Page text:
I had this idea and had began to code it but never finished as the need evaporated first.
The DNS server has the host names and MAC addresses of all the machines on its LAN and a way to reach them. When it receives a request for a machine it knows, it sends a reverse ARP for the IP address given the MAC address and uses the response to construct the DNS answer.
This is nothing to do with what you are trying to do, but it illustrates the point. A DNS server can in theory be coded to carry out whatever novel scheme you want to resolve names to IP addresses.
The actual question appears to be how to get the customer's IP address to decide where to send them. This is a small bit of an XY problem. What you really want is the customer's ISP to geolocate on, and you can get that by doing it directly off the IP address making the request, assuming it isn't 220.127.116.11 or some other DNS redirecting service. To my mind, the best solution to the DNS redirectors is to ignore the problem and do a self-relative geolocation (that is, from the DNS server try to locate the calling IP address) and redirect appropriately. See here for how to geolocate: https://stackoverflow.com/questions/2574542/location-detecting-techniques-for-ip-addresses
You really really don't want anycast here but something more sane. Anycast has the annoying property is it can reroute packets in the middle of your TCP stream causing mass confusion.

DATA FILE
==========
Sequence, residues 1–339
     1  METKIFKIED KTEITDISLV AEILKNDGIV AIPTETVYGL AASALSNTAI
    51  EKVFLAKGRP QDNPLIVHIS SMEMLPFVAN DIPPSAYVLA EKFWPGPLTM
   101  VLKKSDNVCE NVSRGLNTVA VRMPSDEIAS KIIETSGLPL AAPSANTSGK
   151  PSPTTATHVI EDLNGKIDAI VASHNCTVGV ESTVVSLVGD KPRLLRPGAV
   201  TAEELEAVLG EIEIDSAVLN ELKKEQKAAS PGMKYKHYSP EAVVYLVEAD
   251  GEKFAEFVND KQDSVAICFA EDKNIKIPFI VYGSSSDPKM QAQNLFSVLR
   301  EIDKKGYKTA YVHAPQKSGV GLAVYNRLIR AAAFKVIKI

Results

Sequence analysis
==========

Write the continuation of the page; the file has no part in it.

Ron Maupin claims that anycast is route-reliable for TCP. Here is the traceroute showing otherwise:
3 cr1-rhe-a-be153.bb.as11404.net (18.104.22.168) 20.657 ms 20.763 ms 19.660 ms
4 cr1-che-b-be-2.as11404.net (22.214.171.124) 22.550 ms 23.562 ms 23.538 ms
5 * cr1-9greatoaks-hu-0-6-0-20-0.bb.as11404.net (126.96.36.199) 24.409 ms 38.083 ms
6 188.8.131.52 (184.108.40.206) 40.038 ms 39.106 ms 39.125 ms
7 220.127.116.11 (18.104.22.168) 37.930 ms 22.214.171.124 (126.96.36.199) 35.434 ms 188.8.131.52 (184.108.40.206) 33.694 ms
8 220.127.116.11 (18.104.22.168) 33.476 ms 22.214.171.124 (126.96.36.199) 31.683 ms 188.8.131.52 (184.108.40.206) 30.754 ms
9 google-public-dns-b.google.com (220.127.116.11) 30.491 ms 28.644 ms 25.718 ms
If you try to geolocate the upstream IP addresses the obvious way you get they're both in Wichita. This is not correct by which a simple demonstration of physics will suffice.
The range to 18.104.22.168 is measured at 30ms of which the first 18ms is the local penalty (hop 3 is my ISP's local router). My distance to Wichita is 1297 miles. The minimum round trip time is therefore (1297 * 2 miles / 225,000 kilometers per second (speed of light in glass)) which is 18.55ms. Therefore I should get no response back faster than 28ms but I got one back in 25ms.
The packets are arriving at Google by two different BGP routes. BGP did not pick the closest.